Children's research report calls for coordinated body to implement policy

UCT graduate school of business has been hosting a gathering today focused on youth development, to mark the 40th anniversary of the Soweto uprising and remember the role of youth in our struggle for freedom

The event is being jointly hosted by the Bertha Centre for Social Innovation and Entrepreneurship, which falls within the GSB, and UCT’s Poverty and Inequality Initiative.

Researcher Dr Ariane de Lannoy is one of the speakers reflecting on current efforts to uplift the young people of South Africa. She is a sociologist and senior researcher at the Poverty and Inequality Initiative, and has a special interest in youth transitions and decision-making in post-apartheid South Africa.

Last year she was lead editor of South African Child Gauge, a report monitoring the situation of children in SA and in particular the realisation of their rights as enshrined in our constitution.

Despite many freedoms 'born free' children have in South Africa today, the results of the report show there is still a lot of work to be done.

6 out of 10 young people live in households were the monthly income is less than R650 per person.

Dr Ariane de Lannoy, sociologist and senior researcher at the Poverty and Inequality Initiative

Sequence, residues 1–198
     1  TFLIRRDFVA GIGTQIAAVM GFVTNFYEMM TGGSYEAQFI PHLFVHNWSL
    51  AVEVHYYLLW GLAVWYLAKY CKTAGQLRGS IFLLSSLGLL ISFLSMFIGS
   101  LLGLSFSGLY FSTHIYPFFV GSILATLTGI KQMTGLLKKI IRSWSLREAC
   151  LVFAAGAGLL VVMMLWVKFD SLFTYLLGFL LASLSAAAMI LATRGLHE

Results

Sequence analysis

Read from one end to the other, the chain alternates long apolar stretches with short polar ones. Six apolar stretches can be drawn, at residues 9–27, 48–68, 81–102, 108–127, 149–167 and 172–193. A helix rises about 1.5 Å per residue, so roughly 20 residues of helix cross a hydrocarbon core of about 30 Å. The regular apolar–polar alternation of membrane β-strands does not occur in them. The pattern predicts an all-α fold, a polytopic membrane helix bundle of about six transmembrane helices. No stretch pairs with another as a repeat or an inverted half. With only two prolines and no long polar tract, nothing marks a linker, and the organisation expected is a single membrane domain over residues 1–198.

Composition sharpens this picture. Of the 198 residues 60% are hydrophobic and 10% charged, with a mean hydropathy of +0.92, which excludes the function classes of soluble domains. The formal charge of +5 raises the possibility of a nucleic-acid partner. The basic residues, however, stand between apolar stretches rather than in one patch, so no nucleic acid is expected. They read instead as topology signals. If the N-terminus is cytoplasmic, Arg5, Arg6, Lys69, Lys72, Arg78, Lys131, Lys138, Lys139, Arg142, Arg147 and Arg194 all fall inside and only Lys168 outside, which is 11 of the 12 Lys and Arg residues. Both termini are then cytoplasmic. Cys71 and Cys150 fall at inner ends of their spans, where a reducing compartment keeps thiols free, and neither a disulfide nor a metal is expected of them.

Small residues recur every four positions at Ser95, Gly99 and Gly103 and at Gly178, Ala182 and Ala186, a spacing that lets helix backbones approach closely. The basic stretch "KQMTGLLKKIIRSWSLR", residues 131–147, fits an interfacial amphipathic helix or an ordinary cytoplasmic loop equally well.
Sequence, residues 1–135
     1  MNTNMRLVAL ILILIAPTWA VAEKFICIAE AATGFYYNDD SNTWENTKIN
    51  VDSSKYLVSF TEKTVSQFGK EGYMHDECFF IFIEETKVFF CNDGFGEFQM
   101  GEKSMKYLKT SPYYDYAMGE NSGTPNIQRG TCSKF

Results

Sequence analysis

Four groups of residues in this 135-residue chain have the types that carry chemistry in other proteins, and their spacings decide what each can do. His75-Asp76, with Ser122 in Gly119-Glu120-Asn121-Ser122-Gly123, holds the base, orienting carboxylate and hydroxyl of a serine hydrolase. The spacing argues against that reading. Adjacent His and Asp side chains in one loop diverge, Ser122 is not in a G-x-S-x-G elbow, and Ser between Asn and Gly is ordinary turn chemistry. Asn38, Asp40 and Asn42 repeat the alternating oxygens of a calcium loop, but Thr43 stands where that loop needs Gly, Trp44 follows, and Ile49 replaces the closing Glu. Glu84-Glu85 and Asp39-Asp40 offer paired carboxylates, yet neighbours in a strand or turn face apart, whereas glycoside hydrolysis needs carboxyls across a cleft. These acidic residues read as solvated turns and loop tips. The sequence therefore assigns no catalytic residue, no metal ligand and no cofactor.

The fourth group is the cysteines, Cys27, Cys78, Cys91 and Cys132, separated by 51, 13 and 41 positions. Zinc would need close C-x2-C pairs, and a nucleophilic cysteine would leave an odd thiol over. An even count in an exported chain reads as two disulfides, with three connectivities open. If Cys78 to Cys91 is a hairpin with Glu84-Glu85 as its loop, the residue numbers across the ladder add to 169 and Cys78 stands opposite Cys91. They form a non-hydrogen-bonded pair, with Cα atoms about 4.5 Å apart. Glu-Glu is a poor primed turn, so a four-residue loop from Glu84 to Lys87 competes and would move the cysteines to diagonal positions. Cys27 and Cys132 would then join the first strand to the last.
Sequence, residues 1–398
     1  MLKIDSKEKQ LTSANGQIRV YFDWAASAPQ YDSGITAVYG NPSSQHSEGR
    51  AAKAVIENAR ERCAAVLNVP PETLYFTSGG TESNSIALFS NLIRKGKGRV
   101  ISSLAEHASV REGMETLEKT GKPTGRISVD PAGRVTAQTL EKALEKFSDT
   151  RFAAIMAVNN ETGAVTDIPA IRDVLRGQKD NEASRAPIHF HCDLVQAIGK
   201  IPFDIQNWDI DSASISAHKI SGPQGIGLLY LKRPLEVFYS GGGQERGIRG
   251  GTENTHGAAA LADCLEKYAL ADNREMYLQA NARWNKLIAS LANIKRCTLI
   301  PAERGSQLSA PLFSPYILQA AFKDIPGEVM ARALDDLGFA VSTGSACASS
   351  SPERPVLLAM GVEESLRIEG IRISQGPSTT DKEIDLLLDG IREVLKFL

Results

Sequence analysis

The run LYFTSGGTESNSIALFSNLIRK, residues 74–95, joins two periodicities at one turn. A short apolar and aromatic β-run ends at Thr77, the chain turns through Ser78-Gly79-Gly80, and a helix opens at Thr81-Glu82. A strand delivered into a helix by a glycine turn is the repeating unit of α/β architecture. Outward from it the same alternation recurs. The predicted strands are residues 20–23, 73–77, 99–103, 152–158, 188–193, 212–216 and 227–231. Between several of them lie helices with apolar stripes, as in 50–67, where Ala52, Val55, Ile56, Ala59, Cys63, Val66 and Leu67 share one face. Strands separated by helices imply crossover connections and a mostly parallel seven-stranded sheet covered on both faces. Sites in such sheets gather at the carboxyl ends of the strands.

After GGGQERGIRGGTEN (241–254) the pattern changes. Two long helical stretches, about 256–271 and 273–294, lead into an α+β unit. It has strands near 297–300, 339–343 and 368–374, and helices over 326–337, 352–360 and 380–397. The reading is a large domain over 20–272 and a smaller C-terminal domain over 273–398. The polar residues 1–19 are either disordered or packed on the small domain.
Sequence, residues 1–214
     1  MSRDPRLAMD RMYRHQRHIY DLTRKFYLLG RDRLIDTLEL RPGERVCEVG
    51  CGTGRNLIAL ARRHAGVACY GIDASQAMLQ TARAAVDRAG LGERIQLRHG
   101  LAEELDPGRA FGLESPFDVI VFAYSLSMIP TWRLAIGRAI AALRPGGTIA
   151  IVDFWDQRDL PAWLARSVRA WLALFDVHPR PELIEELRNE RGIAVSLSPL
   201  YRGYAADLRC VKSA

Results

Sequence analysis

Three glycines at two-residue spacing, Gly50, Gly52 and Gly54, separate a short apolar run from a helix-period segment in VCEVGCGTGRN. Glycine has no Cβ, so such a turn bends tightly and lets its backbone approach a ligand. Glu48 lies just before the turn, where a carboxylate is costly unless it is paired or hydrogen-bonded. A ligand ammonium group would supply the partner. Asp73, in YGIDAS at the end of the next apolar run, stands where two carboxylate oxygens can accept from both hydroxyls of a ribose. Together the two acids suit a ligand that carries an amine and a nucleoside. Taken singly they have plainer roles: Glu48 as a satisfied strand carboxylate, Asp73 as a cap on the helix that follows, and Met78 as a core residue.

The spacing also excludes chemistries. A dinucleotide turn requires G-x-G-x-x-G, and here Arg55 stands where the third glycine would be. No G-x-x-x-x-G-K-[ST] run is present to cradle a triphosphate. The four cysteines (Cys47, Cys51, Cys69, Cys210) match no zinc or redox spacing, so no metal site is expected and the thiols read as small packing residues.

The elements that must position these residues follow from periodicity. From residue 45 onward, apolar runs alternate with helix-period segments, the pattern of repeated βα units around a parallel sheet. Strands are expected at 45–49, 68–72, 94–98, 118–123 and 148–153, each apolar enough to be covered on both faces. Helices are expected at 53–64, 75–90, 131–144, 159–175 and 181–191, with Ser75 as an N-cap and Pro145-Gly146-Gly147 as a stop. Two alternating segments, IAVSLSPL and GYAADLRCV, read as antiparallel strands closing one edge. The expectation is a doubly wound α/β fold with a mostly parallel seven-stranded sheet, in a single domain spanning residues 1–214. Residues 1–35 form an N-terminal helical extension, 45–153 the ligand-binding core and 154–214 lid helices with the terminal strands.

But as these children grow older, their child support grants come to an end.

The one financial support that is available for them ends abruptly.

Dr Ariane de Lannoy, sociologist and senior researcher at the Poverty and Inequality Initiative

She says it is a difficult age for anyone anywhere in the world.

It's a time when children become adolescents, and are expected to move through high school, into either higher education or the labour market. And we see that this simply does not happen for a large proportion of the young people in South Africa..

Dr Ariane de Lannoy, sociologist and senior researcher at the Poverty and Inequality Initiative

More children do have access to education in the current climate, but many of the schools available in lower income areas cannot offer the same quality of teaching and learning as in the higher income areas. This results in education and skills levels remaining low in the country.

But she says children today on average complete about 10 years of education compared to their parents who were completing about 5 or 6 years, and grandparents generation only about 3 years of education.

The unemployment rate among people 15 to 34 years of age is at the moment about 34%, while the national average is 26%.

Dr Ariane de Lannoy, sociologist and senior researcher at the Poverty and Inequality Initiative

She says the low level of skills is one of the key drivers of unemployment in the youth market today. The other factor is the way the labour market is structured. Where demand is mostly for high skill levels and experience, younger people are automatically at a disadvantage.

Dr Ariane de Lannoy says much of their work is to encourage other streams of education over and above just the academic stream. Government is focusing more on vocational and technical training.

She says we need a more comprehensive and concrete implementation plan in order to see results, otherwise these remain empty promises.

The Child Gauge is promoting the need for a central co-coordinating body that has the authority to steer the implementation of the policy, and to hold other departments accountable.

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